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Just how much warning do you need? If a strange satellite came within 10 km of your satellite every month, would you start to worry? Apparently not, not that is, if you are Iridium. I have been puzzling over the probability of one satellite, even if it’s from the larger population of dead satellites, hitting another. I just don’t believe in such long-shot outliers (it must be something like 10,000 times less likely than space junk hitting a satellite if it was simply a matter of random chance) and figured something else was going on, even given the increased density of stuff near the poles. It turns out that there was: these two satellites shared nearly the same altitude range (as defined by their apogees and perigees) for about six years. Every 35 days or so they came within 10 km or each, which is apparently the error associated with determining close approaches. (I have a pretty cool graph that shows this by looking at the debris generated by this collision.)
Something happened to Cosmos 2251 between 1999 and 2003: its orbit unaccountably shifted down to Iridium’s orbit. Perhaps there was a leak of remaining fuel. Perhaps it was hit by another piece of debris. There is no way for me to know what happened. But once it did, the fate of these two satellites seems fixed as the cosmic clockwork of Newtonian physics ground on. (Was Russia irresponsible in leaving unused fuel on board? That might change my feeling that this was clearly an example of Iridium irresponsibly not being aware of these conjunctions.)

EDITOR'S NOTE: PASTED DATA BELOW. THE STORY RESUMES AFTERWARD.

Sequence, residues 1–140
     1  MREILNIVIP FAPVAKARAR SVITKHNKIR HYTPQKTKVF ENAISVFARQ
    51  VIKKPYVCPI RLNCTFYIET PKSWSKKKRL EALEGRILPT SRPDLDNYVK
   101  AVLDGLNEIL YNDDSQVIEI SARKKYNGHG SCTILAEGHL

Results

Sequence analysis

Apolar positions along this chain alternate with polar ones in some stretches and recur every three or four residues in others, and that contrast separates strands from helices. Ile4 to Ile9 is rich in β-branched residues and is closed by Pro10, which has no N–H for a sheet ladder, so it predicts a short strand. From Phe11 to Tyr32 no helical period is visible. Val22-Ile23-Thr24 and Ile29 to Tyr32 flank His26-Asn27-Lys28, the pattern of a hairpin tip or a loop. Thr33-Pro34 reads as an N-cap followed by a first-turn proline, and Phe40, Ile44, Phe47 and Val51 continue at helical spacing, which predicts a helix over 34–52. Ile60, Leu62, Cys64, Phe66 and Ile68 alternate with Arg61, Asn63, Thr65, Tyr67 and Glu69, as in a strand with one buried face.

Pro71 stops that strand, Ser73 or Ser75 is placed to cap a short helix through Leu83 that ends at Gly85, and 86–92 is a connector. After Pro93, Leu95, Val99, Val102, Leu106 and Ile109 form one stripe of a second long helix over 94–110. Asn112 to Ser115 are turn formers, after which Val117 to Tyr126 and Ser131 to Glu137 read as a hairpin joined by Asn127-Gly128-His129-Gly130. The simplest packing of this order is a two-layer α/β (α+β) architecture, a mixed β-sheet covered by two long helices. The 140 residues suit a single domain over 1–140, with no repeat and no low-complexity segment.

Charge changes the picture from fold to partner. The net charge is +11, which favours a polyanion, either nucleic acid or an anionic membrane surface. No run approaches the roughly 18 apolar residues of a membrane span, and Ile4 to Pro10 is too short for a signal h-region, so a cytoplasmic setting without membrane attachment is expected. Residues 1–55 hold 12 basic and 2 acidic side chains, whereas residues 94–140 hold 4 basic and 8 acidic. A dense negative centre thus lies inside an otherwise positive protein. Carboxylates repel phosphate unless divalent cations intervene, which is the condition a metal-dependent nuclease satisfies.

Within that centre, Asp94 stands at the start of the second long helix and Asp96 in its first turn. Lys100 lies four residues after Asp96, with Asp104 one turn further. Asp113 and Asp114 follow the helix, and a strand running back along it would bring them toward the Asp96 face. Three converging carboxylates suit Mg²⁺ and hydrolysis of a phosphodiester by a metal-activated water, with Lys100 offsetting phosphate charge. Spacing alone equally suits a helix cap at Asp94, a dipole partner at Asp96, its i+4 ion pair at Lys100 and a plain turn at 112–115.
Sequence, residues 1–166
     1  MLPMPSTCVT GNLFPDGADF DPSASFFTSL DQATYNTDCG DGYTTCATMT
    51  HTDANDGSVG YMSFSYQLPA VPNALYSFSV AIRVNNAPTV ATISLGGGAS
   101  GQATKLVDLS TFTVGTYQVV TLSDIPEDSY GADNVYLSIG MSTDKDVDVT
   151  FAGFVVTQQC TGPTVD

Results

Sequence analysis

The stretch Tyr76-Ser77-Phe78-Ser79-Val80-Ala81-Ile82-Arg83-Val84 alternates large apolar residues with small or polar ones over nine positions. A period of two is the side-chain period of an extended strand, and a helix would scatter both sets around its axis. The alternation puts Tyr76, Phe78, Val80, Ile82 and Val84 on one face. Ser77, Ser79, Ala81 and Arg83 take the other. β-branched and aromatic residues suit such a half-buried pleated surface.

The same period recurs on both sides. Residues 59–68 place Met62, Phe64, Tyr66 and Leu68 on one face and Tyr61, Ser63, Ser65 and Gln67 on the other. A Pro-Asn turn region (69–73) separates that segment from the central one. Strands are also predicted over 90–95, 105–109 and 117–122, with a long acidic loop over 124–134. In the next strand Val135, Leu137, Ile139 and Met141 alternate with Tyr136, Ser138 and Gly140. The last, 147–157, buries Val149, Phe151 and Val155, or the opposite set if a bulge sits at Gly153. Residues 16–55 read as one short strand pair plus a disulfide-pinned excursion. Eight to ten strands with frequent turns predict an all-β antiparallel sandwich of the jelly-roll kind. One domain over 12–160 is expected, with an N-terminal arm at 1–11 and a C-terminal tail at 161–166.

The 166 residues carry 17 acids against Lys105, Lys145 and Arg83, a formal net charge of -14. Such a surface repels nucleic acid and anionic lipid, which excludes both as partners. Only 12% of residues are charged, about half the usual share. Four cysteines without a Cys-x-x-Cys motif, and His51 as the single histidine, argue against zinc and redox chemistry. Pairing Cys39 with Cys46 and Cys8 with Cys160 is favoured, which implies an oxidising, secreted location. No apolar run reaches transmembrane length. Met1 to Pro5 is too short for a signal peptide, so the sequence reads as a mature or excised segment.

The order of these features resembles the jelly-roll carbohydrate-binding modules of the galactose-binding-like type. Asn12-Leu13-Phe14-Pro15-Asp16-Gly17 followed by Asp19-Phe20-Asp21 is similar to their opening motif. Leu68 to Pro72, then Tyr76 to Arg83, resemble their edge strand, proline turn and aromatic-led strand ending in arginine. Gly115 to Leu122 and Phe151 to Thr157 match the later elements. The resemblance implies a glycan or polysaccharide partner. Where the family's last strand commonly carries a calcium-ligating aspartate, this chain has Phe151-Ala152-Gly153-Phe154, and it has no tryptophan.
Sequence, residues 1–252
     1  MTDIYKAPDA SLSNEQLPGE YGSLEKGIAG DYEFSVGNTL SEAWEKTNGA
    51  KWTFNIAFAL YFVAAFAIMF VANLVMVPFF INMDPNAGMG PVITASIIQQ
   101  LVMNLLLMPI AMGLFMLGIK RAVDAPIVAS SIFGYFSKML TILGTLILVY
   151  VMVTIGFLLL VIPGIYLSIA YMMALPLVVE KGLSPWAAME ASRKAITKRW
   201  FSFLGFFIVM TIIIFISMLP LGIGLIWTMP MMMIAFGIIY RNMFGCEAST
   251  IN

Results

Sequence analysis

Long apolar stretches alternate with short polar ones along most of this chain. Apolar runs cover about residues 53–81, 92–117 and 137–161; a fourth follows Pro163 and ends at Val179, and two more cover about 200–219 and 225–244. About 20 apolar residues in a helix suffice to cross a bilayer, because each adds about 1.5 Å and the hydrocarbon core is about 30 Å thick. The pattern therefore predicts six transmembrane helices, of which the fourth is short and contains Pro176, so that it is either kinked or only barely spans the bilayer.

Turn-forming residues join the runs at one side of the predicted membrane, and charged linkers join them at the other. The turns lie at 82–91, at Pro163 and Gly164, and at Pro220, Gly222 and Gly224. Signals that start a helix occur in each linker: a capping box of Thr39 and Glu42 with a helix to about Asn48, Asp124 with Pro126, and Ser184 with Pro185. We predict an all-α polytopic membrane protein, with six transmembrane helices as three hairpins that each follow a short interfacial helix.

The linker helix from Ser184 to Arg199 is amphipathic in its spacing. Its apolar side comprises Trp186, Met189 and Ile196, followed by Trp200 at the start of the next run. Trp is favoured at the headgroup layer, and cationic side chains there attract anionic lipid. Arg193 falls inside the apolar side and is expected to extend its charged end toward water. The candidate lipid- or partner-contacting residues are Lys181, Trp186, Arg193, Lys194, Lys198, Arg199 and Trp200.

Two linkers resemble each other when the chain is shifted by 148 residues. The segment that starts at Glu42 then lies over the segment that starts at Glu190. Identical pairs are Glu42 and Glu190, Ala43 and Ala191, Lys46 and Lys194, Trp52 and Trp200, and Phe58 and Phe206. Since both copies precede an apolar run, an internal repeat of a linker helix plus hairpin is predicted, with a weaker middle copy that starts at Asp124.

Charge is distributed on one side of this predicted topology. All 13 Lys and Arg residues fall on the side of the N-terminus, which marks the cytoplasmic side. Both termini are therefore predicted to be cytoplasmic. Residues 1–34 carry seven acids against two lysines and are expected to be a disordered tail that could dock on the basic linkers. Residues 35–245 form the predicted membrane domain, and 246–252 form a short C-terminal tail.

What can be done about this? I’m still working on that but to me its starting to make sense, as the desirable orbital altitudes start to fill up, to de-orbit dying satellites. I estimate that this will result in an increase in launch costs (unfortunately, not the only cost associated with putting additional fuel on board) of only about $1 million for satellites launched using Western launch services and half that for satellites launched by non-Western services.
Update: Unfortunately, the interpretation of these graphs (especially the one at the top of the post) is less straight forward than I had hoped. In order to lessening that confusion, I’ve added a new image that should help explain what is going on. If not, I also wrote a comment that might help some more.